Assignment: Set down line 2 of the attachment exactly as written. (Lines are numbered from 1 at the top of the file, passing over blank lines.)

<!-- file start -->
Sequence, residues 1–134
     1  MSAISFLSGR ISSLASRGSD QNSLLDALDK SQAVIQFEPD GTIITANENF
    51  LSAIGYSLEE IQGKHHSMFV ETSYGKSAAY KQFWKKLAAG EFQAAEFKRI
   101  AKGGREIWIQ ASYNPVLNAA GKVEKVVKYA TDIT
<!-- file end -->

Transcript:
     1  MSAISFLSGR ISSLASRGSD QNSLLDALDK SQAVIQFEPD GTIITANENF